You are here

Give to our work with refugees from Syria

£
Help us bring hope to Syrian refugees
Your gift will ensure Christians can stand with refugees in the name of Jesus

Tanas Alqassis knows what it is to be labelled refugee
"We must fear what they fear, hear their cries and pray with them..." - Tanas Alqassis, who himself has the status of 'refugee'.

On my last trip to Lebanon and Jordan, just a few months ago, I saw how life is for Syrian refugees, how people can lose hope.

But I also saw how, with your support, our partners can give people who have lost everything a new hope.

It costs around £36 a day to support E and R as they keep open a school for refugee children on their doorstep in Lebanon. Please consider a donation now.

There is so much I want to tell you, but I hope you will understand that I cannot identify our people working in the region. Though they are often living openly as Christians, in community with their Muslim neighbours, to name them could make them targets and put them in danger.

Yet despite this I have seen that God is at work.

Refugee school in Jordan
School of rock: Hewn from the rock by hand, E and R’s school is now teaching up to 80 children aged 3 to 15. Our support is for living costs which makes their ministry with refugees possible.

After living abroad, E and R answered God’s call to return to their home country of Lebanon. They told me; “When we arrived, we found our house here surrounded by some 20 Syrian refugee families and their tents.

“I asked the Lord, what do you want me to do? He told me, one day I will have you stand in front of my throne and I will ask you: ‘I was marginalised, what did you do? I had nothing, I had no school, I was a child stranger, what did you do?’

“I went to these families the next morning, so this is how our ministry started. We are teaching Syrian kids, mostly Muslim. It’s normal school, but we are also teaching them the love of God.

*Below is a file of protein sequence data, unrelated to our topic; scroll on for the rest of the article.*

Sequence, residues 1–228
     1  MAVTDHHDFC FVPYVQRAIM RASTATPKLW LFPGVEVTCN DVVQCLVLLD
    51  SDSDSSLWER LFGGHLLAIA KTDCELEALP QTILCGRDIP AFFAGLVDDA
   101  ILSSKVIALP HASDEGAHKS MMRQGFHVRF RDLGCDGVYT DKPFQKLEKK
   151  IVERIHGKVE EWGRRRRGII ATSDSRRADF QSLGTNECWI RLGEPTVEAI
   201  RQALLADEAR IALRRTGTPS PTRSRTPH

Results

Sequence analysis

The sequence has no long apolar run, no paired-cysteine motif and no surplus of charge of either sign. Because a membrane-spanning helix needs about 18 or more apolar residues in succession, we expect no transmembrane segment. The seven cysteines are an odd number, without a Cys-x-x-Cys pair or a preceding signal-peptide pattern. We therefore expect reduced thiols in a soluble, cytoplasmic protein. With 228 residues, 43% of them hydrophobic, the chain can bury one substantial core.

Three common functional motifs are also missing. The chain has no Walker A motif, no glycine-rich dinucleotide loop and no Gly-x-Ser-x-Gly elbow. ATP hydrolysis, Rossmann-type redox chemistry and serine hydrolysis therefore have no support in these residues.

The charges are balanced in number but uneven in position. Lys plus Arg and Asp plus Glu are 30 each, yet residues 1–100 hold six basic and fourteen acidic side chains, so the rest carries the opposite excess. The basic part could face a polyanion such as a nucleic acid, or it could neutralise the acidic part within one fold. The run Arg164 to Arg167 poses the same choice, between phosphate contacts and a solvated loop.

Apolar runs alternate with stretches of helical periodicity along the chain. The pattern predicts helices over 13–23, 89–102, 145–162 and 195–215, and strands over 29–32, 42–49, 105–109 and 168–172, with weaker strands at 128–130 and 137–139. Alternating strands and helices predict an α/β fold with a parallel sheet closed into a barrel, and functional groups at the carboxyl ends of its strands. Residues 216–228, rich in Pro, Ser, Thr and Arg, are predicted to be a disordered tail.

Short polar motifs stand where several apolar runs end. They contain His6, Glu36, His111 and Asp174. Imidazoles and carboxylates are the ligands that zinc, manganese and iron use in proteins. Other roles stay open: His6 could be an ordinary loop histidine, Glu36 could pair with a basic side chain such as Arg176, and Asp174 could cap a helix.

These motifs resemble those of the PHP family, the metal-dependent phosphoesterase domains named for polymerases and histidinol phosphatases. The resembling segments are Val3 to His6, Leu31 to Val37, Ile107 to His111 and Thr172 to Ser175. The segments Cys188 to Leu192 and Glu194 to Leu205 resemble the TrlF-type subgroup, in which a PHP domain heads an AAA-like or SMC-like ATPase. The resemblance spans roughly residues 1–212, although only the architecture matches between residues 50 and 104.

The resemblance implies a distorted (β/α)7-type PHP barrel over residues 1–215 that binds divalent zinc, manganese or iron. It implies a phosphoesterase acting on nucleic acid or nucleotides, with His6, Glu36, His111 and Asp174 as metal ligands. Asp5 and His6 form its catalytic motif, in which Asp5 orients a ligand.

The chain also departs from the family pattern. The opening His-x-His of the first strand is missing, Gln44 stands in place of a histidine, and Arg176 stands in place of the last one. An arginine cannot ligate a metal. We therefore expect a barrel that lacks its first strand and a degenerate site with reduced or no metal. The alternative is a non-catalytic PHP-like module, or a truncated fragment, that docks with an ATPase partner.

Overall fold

“This crisis with refugees is a special time. You can look at it as a problem, but you can also ask, do I have anything to give? And of course, we have a lot to give.”

You can see how God is at work. And there is more:

A is in mission in the north of Jordan, working with a local church giving help to some of the thousands of Syrian refugees in the area. A is teaching English, as well as promoting employment opportunities for refugees. He is also part of the church’s ministry to refugee families, visiting them in their homes and at a nearby camp. He says:

“Please pray for religion not to put up barriers between people here, and that we will each come to love one another fully, regardless of our differences of tribe, nation, beliefs or gender.”

A is in short term mission with CMS.

R and L are also in mission in Jordan, running a ministry for people in need: “Every month we support 50 families with food parcels, and 80 refugee children joined our school in the summer; we are blessed with nine full time staff.

“We are visiting Syrian refugee families and Jordanian Druze.

“In one family we were welcomed, but they prayed just for Muslims, and we were able to talk to them and share our faith and ask, why do you only pray for Muslims? We are Christians, but we love Muslims too. We talked about our work teaching children, and the simple support we give to families around them. So we were able to share stories about Jesus and pray with them in his name.”

R and L are now trying to open another school. Our support goes to their living costs to make their work possible.

It costs around £36 a day to keep R and L providing food parcels. Can you help by making a gift towards these costs?

You see how God is at work, and how your support now could bring hope into the lives of refugees across the Middle East.

I pray you will be able to help, for this is close to my heart: my family are Palestinian refugees so I am a refugee. I have the United Nations card that tells me a status that for my family goes back to 1948. What it doesn’t say on the card and what I know is that a home is a person’s strength. Without it, as the Arabic saying goes, you are a dog on the street; you live without hope.

I believe we must do mission and we must be there now to give people hope. As Christians we should be alongside the Syrian refugees spread across the Middle East. We must fear what they fear, hear their cries and pray with them so they can see that they are not alone.

They are not alone. God is with them, and he calls us to care for them also.

My thanks and blessings,

Tanas Alqassis

Regional Manager for Europe, Middle East and North Africa